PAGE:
During this last orbit, I called another pre-flop raise and called again after the flop before taking a stab myself after the turn. My opponent folded and I was left stacking a few chips from the hand, having had no idea whatsoever if my hand was good, bad or indifferent. I guess that made me pretty difficult to read! I could leave the table with my head held high, despite the minor inconvenience of a $21 loss.
There was a big list for all the other games at the Venetian so I took advantage of being in the mecca for poker, and went off in search of another room with a shorter list. The $1/$3 No Limit Texas Hold’Em at Caesar’s Palace was to be my salvation. I quickly knuckled down but not before dropping $130 to a flopped set of 5s on a 7 high board when I held pocket tens.
Two quick hands of note; the first a well-played hand and the second a very lucky one. I was sat in seat 8 and in the 1 seat was a sunglasses wearing young player who rarely said a single word. His actions were slow and deliberate, and each of them seemingly meticulously thought through. He had shown a propensity for 3-betting, often from the button. In the hand of note against him, I opened from the button with 9-7 off suit and he thought long and hard about a re-raise before settling on a flat call from the big blind. Maybe it was being out of position that made him curb his naturally aggressive tendencies on this occasion. One other player came along for the ride too.
The flop was A-8-2, rainbow, and the player in question bet $45. The other player quickly folded and I started thinking. If he had been holding AJ, AQ or AK, he would have 3-bet pre-flop, based on his earlier displayed betting habits. If he had A8, he wouldn’t have bet so much. I therefore decided he must have been holding something in the 'weak-ace' range and also decided that he would struggle to call a re-raise from me here, especially considering I had been the pre-flop raiser. I settled on a re-raise to $110 and my opponent tanked for a while before laying down his hand. It wasn’t a big pot but it was one where I played the player well.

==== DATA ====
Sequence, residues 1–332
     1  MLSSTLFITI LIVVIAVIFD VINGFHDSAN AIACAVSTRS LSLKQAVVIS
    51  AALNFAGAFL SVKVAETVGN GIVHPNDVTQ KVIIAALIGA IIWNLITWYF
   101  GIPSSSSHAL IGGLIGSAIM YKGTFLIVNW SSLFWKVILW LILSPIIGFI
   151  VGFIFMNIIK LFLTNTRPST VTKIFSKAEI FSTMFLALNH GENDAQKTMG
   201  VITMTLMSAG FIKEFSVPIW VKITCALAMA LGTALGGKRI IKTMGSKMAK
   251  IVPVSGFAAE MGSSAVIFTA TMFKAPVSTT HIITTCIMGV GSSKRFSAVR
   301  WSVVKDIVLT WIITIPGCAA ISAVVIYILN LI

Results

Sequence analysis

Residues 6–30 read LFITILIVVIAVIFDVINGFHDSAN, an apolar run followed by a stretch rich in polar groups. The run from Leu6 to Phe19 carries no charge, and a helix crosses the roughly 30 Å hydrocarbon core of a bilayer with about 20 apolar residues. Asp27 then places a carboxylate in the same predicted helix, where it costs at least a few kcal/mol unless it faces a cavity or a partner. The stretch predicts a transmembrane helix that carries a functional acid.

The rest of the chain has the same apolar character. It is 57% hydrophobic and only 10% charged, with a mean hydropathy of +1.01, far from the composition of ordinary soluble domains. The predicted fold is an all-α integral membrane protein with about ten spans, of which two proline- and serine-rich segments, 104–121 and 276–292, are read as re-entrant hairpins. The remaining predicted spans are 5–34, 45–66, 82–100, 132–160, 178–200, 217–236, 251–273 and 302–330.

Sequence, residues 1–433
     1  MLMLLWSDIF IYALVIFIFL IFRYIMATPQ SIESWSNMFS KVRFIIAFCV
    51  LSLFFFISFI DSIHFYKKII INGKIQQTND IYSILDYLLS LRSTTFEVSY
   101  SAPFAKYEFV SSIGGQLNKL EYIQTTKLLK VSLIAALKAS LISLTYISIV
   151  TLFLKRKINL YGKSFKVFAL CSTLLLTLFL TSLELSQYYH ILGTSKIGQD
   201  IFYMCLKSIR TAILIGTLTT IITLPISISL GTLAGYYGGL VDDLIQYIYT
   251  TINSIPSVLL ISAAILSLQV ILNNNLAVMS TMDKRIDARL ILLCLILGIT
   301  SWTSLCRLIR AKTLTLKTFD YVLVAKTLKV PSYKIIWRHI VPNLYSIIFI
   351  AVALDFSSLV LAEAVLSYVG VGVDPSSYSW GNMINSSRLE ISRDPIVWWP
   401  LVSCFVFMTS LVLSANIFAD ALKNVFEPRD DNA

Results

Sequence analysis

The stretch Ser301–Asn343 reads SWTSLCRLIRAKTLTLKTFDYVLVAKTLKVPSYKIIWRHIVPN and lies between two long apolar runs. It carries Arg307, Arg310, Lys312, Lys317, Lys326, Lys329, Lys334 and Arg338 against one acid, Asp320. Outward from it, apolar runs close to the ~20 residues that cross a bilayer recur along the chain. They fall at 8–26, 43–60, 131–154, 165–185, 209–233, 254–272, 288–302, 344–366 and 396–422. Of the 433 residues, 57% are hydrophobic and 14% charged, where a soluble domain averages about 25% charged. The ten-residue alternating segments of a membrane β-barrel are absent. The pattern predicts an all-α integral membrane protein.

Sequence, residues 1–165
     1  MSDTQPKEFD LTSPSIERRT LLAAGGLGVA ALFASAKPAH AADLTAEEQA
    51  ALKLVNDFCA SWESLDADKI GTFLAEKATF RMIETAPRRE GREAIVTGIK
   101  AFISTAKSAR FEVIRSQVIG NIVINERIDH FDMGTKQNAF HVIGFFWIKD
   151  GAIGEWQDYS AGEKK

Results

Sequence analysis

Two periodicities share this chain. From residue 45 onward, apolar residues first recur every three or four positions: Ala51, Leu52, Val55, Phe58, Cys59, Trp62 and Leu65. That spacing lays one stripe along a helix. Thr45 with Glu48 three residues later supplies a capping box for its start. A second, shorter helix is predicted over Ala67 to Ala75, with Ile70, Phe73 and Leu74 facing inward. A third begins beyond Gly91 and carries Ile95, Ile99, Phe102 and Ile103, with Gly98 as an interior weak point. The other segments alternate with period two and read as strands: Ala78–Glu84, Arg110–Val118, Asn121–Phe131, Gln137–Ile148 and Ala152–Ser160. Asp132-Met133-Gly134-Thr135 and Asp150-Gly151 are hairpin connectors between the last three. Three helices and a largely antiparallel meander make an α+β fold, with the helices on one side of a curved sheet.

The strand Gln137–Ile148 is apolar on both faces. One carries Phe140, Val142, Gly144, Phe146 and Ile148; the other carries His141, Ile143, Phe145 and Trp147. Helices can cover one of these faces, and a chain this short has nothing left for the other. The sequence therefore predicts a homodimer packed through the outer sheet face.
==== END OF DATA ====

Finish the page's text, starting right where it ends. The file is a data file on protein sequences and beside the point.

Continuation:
The next hand of note was one where I was exceedingly lucky, and one that I never expect to get away with ever again. A guy in mid-position opened for $10 after looking at his chips for a while and seeming like he wanted to bet more. The new player on the button re-raised to $25, the small blind called the $25 and I looked down at A-K off suit. I decided to 4-bet to $80 and strangely, all 3 of the other players called, the last one in the small blind just calling because, as he said, he was now valued in.
The flop was a 7 high rainbow and with $320 in the pot, I figured it was worth taking a stab at after the small blind checked to me. I slowly and deliberately slid out a bet of $220 and the original pre-flop raiser went into the tank. He talked long and hard about how he thought I had to have pocket aces here and he eventually threw his hand away.
The new player on the button then took his turn in the tank, and after a couple of minutes finally threw his hand away too. The small blind took his opportunity to tank on his decision too, but like the others before him, he eventually threw his cards face down towards the muck. “Come on, show us the aces” the three of them implored. I showed them my A-K and all three of them were disgusted.
The first had folded pocket Queens, the second pocket 9s and the third pocket 8s. In a single hand, I had managed to get three players, each holding an overpair to the board, to throw their hands away to my ace high! As I said earlier, I never ever expect that to happen again.
I played pretty solid poker in this session and managed to rack up a $576 winner. Despite that, I’m very conscious that a call or shove from any of those three players with the overpair would have wiped out that profit. Unless of course the turn or river card would have brought a King or an Ace.
Either way, it was nice to finally have a session where variance was on my side for a change. I felt like it was loooooong overdue.